These short snippets do not do justice to the stimulating material that was presented at #edchatnz. The organisers do a fantastic job and this (unemployed at the time of registration) teacher certainly appreciated the insanely cheap price. Can't wait until next year!
I must confess that I really don't like these blogging/ tag challenges (maybe I am just jaded after too many years on the internet) BUT I will make an exception because of the awesomeness that is #edchatnz.
Monika Kern (@BeLchick1) tagged me and I was excited to discover someone from the Code Club for Teachers sitting right next to me at a session during the conference. It truly is a small world.
So here are my answers:
If you get included in the blogging meme: copy/paste the questions and instructions into your own blog then fill out your own answers. Share on twitter tagging 5 friends. Make sure you send your answers back to whoever tagged you too. 1. How did you attend the #Edchatnz Conference? (Face 2 Face, followed online or didn't)
Face-to-face - although being the shy, retiring type, hovered around the edges.
2. How many others attended from your school or organisation?
One other person from the school where I am about to start work.
3.How many #Edchatnz challenges did you complete?
Only a few. I did retweet a few things and just about covered challenge 8. Maybe next year....
4. Who are 3 people that you connected with and what did you learn from them?
A teacher from a secondary school already using Pond and unconvinced - made me more keen to see see it in action.
A teacher from a primary school using My Learning - I wanted to visit her classroom.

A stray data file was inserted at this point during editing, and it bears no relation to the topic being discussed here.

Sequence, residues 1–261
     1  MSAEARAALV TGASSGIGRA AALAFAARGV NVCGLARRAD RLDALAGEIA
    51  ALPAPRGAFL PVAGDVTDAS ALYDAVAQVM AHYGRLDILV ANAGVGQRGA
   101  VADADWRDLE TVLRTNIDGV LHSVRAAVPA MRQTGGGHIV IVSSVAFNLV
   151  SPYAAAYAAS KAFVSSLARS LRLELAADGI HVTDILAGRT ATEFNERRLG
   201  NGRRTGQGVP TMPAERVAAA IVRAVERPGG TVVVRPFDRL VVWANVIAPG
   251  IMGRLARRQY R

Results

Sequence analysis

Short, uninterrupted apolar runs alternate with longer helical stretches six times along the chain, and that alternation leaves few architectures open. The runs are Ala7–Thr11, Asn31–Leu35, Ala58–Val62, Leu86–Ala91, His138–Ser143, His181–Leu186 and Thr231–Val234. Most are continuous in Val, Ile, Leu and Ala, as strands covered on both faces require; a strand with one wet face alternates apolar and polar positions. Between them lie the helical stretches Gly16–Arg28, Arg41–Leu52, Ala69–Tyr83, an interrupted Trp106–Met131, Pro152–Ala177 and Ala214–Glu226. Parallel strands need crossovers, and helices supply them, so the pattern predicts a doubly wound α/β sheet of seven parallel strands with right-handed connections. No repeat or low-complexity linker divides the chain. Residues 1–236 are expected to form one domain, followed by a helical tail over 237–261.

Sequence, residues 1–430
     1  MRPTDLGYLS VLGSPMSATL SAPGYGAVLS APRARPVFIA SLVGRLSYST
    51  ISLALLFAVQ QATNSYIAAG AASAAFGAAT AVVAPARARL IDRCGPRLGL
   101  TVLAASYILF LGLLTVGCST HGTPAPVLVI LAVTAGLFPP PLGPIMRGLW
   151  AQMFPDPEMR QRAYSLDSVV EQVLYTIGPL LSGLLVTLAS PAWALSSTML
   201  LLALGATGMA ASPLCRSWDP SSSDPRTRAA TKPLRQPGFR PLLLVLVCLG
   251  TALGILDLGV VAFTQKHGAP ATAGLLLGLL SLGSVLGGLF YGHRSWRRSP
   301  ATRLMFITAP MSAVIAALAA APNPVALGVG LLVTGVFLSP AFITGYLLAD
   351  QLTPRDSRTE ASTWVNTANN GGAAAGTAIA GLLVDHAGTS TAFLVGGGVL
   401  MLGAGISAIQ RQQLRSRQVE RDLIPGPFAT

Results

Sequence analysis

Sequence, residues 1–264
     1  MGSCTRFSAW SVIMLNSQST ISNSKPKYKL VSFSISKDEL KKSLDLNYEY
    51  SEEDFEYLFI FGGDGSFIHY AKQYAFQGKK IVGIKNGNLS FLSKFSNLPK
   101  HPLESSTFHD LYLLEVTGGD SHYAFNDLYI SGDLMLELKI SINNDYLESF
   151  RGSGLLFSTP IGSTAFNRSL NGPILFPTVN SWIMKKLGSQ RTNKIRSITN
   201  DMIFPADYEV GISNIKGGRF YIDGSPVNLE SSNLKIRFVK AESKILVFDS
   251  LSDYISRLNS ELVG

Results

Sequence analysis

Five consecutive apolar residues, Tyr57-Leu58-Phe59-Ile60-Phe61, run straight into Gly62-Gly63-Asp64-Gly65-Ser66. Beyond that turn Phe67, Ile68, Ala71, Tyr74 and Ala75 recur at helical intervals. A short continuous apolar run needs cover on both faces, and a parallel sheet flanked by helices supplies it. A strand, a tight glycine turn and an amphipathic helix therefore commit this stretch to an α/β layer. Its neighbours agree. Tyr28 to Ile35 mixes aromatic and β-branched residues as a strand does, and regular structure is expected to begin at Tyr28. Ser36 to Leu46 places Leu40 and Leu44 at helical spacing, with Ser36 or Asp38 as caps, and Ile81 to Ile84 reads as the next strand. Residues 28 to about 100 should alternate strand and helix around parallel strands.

Bron Stuckey - for teaching me the difference between gamification and game inspired learning.
SOLO for Primary - because those who went raved about it.
6. Who is one person that you would like to have taken to Edchatnz and what key thing would they have learned?
One of my son's ex-teachers. Because I know she would have lapped it up (I am sharing stuff with her anyway).
7. Is there a person you didn't get to meet/chat with (F2F/online) that you wished you had? Why
Am hoping to do better with the chatting next year....
8. What is the next book you are going to read and why?
A More Beautiful Question maybe...
9. What is one thing you plan to do to continue the Education Revolution you learnt about at #Edchatnz?
I will work on collaborating with another school to make connections between our classrooms (and perhaps to the wider world). I definitely want to give Booktrack a go.
10. Will you take a risk and hand your students a blank canvas?
As a (very) beginning teacher coming into a new class half-way through a year, my risk-taking will be tempered but I have already changed a planned lesson to focus on process and idea generation (thank you Mr Mouldey).